FCC Chairman Tom Wheeler unveiled his proposal regarding set-top boxes yesterday which, as an accompanying fact sheet indicates, is an initiative designed to “increase consumer choice & innovation in the video marketplace.”

An excerpt from Wheeler’s missive appears below and is followed, in order, by perspectives from fellow FCC Commissioner Mike O’Rielly and Charter Communications.

–  “Ninety-nine percent of pay-TV subscribers currently rent set-top boxes because there aren’t meaningful alternatives. Lack of competition has meant few choices and high prices for consumers – $231 in rental fees annually for the average American household.  Altogether, U.S. consumers spend $20 billion a year to lease these devices.  Congress recognized the importance of a competitive marketplace and directed the Commission to adopt rules that will ensure consumers will be able to use the device they prefer for accessing programming they’ve paid for.  The new rules, if adopted, simplify the Commission’s original proposal to finally provide consumers with choice in how they access pay-TV service while satisfying Congress’ mandate. Following constructive engagement from a wide range of stakeholders, the proposed final rules will allow consumers to access their pay-TV content via free apps on a variety of devices so they no longer have to pay monthly rental fees, enable integrated search, and protect content and privacy.  The Commission will vote on these simplified consumer-first, app-driven rules at its next open meeting on September 29, 2016.  If adopted, the largest pay-TV providers, who serve 95% of pay-TV subscribers, will have two years to comply with the rules.”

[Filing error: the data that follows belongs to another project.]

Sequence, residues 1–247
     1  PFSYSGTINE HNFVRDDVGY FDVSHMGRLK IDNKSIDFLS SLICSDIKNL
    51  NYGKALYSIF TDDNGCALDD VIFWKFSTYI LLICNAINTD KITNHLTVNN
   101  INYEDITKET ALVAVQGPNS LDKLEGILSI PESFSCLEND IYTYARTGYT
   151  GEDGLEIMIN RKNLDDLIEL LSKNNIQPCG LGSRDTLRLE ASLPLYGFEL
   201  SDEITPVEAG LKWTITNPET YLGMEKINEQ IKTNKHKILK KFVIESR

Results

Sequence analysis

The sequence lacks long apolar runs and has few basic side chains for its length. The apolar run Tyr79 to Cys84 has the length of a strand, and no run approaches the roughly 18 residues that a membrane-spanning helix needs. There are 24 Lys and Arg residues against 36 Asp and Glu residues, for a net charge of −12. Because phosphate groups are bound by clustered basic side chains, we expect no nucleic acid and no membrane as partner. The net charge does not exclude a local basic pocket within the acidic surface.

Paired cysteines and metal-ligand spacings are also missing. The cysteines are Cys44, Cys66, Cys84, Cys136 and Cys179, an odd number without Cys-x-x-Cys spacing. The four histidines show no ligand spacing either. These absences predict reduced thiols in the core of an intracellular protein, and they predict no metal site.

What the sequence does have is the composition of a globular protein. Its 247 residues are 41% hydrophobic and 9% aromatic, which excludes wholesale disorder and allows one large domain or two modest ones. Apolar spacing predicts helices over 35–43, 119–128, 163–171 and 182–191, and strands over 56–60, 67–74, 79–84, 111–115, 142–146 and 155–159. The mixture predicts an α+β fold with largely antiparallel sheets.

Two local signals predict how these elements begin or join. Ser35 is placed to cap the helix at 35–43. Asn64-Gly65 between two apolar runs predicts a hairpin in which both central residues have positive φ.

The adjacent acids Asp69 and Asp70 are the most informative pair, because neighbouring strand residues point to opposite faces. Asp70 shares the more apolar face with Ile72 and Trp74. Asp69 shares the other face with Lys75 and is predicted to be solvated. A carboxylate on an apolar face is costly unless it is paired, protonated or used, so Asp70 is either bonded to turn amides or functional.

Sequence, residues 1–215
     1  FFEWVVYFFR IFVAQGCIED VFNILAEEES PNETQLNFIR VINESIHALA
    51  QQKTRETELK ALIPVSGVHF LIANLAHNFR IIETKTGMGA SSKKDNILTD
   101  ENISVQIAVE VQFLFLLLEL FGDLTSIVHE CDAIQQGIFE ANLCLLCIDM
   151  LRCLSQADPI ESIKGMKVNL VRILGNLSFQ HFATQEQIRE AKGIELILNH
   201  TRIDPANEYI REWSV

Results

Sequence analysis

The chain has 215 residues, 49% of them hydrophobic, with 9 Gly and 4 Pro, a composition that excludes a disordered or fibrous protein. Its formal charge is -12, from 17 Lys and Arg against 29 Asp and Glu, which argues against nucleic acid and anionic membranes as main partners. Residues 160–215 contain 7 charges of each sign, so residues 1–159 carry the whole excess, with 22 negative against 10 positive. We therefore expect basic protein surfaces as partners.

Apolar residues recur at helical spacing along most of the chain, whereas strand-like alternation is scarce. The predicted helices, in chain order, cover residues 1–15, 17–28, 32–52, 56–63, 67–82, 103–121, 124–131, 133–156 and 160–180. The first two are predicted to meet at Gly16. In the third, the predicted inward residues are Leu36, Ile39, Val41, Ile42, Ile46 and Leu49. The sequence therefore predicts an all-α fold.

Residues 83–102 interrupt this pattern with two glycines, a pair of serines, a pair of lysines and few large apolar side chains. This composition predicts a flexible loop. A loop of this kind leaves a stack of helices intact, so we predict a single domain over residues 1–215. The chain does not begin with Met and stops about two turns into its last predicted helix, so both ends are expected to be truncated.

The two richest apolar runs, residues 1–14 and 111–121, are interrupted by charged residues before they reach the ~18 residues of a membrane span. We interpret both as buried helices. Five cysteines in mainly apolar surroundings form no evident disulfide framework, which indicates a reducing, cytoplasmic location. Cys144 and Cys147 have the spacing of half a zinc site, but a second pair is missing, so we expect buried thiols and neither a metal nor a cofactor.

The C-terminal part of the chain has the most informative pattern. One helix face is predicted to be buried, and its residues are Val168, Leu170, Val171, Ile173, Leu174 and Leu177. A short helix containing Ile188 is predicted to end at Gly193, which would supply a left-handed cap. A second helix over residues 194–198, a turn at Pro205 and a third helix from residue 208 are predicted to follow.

– “I will review this proposal carefully over the coming days and weeks, but at the outset it appears to exist within a fantasy world of unlimited Commission authority.  The Commission is and must remain in the business of licensing spectrum and infrastructure, not content.” 

 –  “Enabling consumers to use apps instead of set-top boxes may be a valid goal, but the marketplace is already delivering on the goal without overreaching government intervention.  The FCC’s mandate threatens to bog down with regulations and bureaucracy the entire TV app market that consumers are increasingly looking to for innovation, choice, and competition.”